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Secondary Trauma: Doing Good Can Feel Bad

Many lawyers went to law school hoping to make a contribution to justice by working on behalf of the unfortunate, oppressed, and vulnerable, inspired by figures like the fictional Atticus Finch or the real life Jan Schlichtmann. Some actually end up doing this kind of work, where the demands may be less about billable hours than about dealing continuously with human pain – cases, for example, of domestic violence, tragic events, tales of torture in those seeking asylum, child neglect, and more.

Like others who work with traumatized individuals (e.g., physicians, nurses, mental health professionals), these lawyers are subject to a particular kind of stress – hearing the details of traumatic experiences in the presence of the individual who has experienced them and is still reacting to them. Often compounding the situation is a degree of relative helplessness to fix the problem in the face of various entrenched systems, very limited resources, and having to repeatedly confront some very bad realities.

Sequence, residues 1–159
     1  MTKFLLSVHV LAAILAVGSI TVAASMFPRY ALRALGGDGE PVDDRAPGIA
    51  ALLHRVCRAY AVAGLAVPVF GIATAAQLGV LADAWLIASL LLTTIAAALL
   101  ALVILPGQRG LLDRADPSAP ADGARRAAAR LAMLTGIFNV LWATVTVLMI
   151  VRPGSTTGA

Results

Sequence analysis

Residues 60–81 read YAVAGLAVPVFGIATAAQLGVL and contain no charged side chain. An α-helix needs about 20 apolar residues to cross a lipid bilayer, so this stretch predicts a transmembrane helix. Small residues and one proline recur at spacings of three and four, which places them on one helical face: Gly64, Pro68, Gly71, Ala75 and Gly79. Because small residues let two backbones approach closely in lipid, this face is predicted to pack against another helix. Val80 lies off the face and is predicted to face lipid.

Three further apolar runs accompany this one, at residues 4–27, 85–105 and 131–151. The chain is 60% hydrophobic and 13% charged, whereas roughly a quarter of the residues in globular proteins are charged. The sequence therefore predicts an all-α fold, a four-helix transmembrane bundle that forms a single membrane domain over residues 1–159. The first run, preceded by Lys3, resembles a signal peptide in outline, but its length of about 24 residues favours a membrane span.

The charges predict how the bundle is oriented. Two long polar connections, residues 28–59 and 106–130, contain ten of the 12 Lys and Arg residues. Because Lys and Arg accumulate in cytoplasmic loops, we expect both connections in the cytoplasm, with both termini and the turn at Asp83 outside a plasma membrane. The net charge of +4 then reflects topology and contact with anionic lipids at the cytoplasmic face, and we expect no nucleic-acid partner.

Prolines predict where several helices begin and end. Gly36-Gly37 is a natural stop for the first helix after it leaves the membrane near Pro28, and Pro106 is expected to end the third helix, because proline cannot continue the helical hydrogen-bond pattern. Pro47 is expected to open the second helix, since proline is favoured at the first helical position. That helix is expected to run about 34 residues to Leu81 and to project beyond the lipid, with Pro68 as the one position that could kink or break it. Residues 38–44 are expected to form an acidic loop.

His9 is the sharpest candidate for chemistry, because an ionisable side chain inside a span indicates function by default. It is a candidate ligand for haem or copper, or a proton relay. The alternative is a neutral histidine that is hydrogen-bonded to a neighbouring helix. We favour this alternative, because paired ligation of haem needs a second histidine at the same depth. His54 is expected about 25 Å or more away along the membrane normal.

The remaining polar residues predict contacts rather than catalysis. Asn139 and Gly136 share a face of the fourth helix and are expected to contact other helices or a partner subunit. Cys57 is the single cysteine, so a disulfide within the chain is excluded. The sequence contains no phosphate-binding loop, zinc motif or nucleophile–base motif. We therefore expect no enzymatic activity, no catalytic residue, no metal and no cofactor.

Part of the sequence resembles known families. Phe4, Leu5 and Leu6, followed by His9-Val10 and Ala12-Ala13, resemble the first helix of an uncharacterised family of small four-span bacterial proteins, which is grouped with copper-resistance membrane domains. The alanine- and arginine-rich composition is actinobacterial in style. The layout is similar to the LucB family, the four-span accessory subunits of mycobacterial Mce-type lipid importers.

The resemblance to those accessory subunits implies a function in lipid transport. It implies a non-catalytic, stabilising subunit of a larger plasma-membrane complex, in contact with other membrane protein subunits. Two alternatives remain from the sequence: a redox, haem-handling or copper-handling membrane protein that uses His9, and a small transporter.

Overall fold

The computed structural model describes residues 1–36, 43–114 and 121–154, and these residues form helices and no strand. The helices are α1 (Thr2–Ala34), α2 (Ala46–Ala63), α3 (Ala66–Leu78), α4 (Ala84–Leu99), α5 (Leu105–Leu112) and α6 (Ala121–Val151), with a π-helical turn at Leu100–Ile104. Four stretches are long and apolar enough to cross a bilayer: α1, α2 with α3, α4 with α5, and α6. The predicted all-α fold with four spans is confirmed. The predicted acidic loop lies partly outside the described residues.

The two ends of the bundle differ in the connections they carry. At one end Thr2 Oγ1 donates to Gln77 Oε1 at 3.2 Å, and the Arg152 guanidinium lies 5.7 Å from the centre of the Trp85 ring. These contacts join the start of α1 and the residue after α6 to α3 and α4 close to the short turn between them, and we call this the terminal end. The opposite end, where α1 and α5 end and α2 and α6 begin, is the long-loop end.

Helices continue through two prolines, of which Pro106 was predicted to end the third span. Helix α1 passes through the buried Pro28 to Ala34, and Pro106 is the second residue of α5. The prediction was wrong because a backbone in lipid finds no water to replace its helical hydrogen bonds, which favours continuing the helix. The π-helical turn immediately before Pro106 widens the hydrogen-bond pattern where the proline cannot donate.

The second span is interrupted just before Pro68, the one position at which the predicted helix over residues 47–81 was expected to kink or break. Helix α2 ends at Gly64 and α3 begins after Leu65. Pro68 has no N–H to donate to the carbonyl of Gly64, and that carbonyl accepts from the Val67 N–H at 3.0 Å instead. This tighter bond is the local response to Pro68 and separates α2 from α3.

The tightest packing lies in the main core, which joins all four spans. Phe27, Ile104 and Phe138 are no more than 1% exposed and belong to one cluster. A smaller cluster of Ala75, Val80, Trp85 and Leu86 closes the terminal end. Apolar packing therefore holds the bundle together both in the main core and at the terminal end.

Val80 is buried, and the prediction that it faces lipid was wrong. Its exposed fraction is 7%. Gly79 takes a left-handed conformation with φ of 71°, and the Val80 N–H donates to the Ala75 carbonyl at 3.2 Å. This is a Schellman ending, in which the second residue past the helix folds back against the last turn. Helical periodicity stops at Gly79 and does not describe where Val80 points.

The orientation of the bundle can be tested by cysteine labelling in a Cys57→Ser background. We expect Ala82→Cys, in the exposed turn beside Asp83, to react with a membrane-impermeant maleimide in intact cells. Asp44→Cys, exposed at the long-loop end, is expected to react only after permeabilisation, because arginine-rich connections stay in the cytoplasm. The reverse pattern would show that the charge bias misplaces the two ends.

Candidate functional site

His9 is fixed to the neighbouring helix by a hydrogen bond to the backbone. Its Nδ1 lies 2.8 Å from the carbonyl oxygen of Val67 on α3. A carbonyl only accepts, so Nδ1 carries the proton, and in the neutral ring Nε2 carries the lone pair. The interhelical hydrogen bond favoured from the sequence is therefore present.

In response to a steady diet of that kind of stress, professionals often develop a cluster of reactive features that may include:
• Loss of sense of satisfaction/accomplishment
• Disconnection from people and from their original mission
• Feelings of depletion
• Loss of positive expectations or trust for people in general
• Numbing or muted experience of joy or optimism

Although there is no “official” diagnosis for this pattern, since it is not a pathology and is less severe than clinical depression, it is a deeper source of difficulty than simple burnout, and is often known as “Compassion Fatigue” (also sometimes as vicarious or secondary traumatization). With increased recognition that many lawyers are dealing, often alone, with the experience, LCL has decided to more explicitly invite referrals and self-referrals of lawyers who do this kind of work, to provide a confidential place to share these experiences and consider additional ways to cope with them. Lawyers as a good tend to present a façade of having everything under control; in the LCL setting, they can be more open and genuine – either in a Compassion Fatigue Discussion Group (time-limited, offered recurrently) or in individual meetings with an LCL clinician. The primary contact for the Compassion Fatigue program is psychologist Dr. Jeff Fortgang, who is reachable at 617-482-5003 or at DrJeff@LCLMA.org.

Jeff Fortgang, PhD

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